Monday, 20 January 2014

Nicola Benedetti performed Opening concert Celtic Connections 2014

Nicola Benedetti 
This night proved an eclectic wide-ranging night of exemplary world class music. The Celtic Connections opening concert showcased several of the artists performing at this year’s festival and offered an interesting taster of the three weeks ahead.
Duncan Chisholm and Wolfstone

Joy Kills Sorrow

Fiddler Duncan Chisholm and Wolfstone, who performed at the very first CC opening night, opened the concert with some well played reels and one lament – Big Archie, Irish Air, Flooded Meadow set.  Folk roots dig deep. Then Boston based string band Joy Kills Sorrow, with strong vocals from singer Emma Beaton in a red dress, played progressive bluegrass with a rocking energy and close harmonies.  


Next there was a real treat for festival goers with Scottish classical violinist and world class music star Nicola Benedetti who has been working on Scottish material for her forthcoming album with Shetland fiddler Aly Bain and accordionist and composer Phil Cunningham. Bain makes it all look effortless and Cunningham is a talented pianist and composer. She performed 6 tunes – Hurricane, Chan & Chanaidh, Dean Brig/ Banks, Gentle Light, Coisich, Puirt.  Nicola played a song with Julie Fowlis’s clear vocal tones, which was a delight to hear. Then fiddler Aly Bain and Phil Cunningham on piano both joined her on stage. It appeared Aly had been coaching her on folk music techniques – he is trained in traditional Shetland style with its shifting rhythms and defined edge. 

The tune Gentle Light, written by Phil Cunningham, provided interweaving pure melodies that offered subtle flights – a joy. After which they took the tempo up with some energetic reels. After the set Aly, who is a quiet unassuming man, gave Benedetti a big hug and it was evident his joy of working with the younger accomplished player. Master craftsmen easily make their instruments soar with layers of melody and harmony.  Collaborations may take us out of our comfort zones thorugh challenging raise us up.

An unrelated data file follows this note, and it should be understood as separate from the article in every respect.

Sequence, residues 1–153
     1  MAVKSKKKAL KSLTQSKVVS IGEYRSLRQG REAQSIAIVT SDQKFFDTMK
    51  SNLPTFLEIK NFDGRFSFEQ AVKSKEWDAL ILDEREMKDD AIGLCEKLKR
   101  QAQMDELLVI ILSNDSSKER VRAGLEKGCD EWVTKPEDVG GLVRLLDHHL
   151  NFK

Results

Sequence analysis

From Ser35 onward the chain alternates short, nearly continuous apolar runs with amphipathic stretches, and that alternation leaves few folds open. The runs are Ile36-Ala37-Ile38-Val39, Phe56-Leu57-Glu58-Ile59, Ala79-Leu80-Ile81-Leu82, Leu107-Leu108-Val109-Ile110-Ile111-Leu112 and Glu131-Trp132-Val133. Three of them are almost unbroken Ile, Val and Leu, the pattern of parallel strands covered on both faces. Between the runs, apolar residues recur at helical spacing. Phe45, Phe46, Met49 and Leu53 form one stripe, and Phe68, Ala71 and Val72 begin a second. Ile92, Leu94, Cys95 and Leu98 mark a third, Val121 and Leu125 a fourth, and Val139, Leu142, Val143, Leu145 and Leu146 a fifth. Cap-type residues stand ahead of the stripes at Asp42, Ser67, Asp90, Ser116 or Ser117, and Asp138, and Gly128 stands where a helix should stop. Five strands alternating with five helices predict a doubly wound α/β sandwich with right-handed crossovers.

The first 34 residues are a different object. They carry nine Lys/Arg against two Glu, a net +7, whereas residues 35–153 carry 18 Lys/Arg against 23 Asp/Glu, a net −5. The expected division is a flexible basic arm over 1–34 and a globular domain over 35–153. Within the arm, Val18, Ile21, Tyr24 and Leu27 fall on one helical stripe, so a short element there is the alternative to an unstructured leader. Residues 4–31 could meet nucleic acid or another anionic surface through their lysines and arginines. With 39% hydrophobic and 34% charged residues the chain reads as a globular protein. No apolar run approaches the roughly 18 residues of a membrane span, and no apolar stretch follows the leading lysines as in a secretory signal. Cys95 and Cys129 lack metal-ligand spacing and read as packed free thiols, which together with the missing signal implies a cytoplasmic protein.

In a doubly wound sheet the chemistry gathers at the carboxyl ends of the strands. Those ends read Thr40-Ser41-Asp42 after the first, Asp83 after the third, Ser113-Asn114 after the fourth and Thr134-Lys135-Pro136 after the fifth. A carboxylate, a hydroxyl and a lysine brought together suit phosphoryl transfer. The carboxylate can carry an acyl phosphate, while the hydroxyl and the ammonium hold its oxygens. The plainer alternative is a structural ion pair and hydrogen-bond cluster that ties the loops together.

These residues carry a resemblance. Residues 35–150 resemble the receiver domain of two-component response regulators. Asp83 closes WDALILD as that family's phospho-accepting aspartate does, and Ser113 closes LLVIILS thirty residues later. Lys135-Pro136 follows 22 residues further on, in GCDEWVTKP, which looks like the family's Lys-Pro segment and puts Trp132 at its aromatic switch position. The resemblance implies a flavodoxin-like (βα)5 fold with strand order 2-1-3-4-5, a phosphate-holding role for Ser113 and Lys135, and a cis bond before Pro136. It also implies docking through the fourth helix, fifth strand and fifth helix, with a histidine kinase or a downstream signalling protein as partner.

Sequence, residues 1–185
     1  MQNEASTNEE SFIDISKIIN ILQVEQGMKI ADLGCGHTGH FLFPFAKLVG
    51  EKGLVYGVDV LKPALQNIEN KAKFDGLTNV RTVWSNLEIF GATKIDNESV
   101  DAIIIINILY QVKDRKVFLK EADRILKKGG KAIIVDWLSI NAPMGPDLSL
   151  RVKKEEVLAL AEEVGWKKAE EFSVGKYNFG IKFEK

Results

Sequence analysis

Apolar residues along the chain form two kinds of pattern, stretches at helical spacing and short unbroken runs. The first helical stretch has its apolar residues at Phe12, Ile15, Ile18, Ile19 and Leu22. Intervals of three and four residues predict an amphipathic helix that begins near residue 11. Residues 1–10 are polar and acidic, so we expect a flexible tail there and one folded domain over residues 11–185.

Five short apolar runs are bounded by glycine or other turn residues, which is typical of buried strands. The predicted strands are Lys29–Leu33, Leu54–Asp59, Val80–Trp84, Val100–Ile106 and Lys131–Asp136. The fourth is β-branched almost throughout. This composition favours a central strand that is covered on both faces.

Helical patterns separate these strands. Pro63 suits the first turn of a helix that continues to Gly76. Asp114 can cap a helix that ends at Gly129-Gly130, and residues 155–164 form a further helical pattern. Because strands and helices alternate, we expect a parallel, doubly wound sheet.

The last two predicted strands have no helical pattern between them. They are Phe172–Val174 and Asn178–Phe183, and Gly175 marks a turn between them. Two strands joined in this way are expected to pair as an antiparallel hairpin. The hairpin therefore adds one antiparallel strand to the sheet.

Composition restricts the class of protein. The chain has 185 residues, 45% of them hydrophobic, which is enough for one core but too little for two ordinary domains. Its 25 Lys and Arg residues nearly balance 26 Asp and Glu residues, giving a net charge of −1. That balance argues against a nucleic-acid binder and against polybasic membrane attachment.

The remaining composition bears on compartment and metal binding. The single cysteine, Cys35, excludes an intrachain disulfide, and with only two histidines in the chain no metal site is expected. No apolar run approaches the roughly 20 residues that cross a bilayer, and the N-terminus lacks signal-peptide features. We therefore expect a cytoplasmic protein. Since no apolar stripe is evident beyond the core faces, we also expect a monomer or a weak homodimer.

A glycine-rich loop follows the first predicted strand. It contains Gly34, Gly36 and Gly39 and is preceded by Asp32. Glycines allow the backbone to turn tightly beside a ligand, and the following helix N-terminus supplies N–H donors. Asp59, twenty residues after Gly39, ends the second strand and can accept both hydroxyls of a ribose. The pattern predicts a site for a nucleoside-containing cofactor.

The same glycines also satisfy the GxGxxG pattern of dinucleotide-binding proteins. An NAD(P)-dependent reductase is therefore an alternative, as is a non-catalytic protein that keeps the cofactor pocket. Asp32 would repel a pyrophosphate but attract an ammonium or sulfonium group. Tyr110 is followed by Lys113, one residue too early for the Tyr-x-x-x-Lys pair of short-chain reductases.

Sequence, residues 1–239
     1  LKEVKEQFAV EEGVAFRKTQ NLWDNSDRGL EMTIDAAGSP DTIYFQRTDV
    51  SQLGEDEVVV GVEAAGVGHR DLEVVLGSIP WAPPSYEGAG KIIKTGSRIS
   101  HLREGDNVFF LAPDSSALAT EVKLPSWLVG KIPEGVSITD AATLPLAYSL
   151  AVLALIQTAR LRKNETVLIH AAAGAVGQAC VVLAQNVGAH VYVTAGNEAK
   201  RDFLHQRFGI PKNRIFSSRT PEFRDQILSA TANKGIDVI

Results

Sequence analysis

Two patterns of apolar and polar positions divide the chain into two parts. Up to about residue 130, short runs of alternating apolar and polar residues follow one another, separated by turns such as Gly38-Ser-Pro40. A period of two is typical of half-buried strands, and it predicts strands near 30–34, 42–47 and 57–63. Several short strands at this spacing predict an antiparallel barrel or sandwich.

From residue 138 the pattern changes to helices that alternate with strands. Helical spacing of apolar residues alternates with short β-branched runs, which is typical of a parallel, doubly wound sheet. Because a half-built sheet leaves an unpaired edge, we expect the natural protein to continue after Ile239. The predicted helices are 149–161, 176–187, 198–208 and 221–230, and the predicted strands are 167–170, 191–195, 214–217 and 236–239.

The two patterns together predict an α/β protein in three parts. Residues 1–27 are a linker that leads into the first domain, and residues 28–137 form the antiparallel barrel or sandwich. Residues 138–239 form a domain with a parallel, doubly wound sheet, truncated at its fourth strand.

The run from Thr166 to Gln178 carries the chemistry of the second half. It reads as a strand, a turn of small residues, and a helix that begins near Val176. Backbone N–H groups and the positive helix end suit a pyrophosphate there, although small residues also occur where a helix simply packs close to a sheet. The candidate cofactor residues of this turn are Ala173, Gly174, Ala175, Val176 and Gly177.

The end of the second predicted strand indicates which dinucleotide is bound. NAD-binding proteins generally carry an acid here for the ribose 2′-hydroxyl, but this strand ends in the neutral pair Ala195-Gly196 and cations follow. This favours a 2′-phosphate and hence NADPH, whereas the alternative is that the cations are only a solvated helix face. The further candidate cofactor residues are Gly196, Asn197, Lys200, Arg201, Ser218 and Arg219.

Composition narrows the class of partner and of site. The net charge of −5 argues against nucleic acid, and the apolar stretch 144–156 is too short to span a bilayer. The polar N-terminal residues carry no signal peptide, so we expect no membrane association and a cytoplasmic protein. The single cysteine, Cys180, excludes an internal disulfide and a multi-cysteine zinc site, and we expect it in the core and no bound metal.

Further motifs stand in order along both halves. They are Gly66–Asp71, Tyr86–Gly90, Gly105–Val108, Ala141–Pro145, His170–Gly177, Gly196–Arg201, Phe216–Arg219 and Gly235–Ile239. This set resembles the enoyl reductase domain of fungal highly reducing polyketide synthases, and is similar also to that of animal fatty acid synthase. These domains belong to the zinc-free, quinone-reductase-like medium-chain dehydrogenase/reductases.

Julie Fowlis &Nicola Benedetti 



Second Half :  Peter Mawanga & The Awaravi movement provided colourful Malawi culture with dance rhythms followed by beautiful Gaelic singer Julie Fowlis who sang Smeorachb and An Roghainn, Puirt. She told us the moving song The Choice was about the wish for second chances. 

Yves Lambert trio
Montreal’s Yves Lambert trio took the tempo up with rollicking Cajun style songs and they have a deep rich sound. Yves Lambert, accordionist and singer, has been is a driving force in Québécois music for 30 years and a lead singer with the trio La Bottine Souriante with multi-instrumentalists Olivier Rondeau and Tommy Gauthier.
The surprise for the night was American country singer songwriter Beth Neilson Chapman, who has written may hit songs for pop and country artists and she sang Pray and Nothing I can do About it (a hit for Willy Nelson).  The concert was aptly finished by Benedetti and Phil with the fine tune Aberlady.   
Beth Neilson Chapman,

I am pleased to see the festival go from strength to strength and raise its game each year with the standard, quality and range of musicianship and artistry. It is a huge boost for Glasgow to host this world class music festival that celebrates not only the folk traditions but also contemporary and world music. A heart warming uplifting note to start the festival on!   Photos and Review Pauline Keightley.

Benedetti  studied violin from age 4, she attended the Yhudi Menuhin school of music and she was BBC Young Musician of the Year 2004. She has performed solo with Scottish National Orchestra, Royal Philharmonic orchestra, London Symphony Orchestra,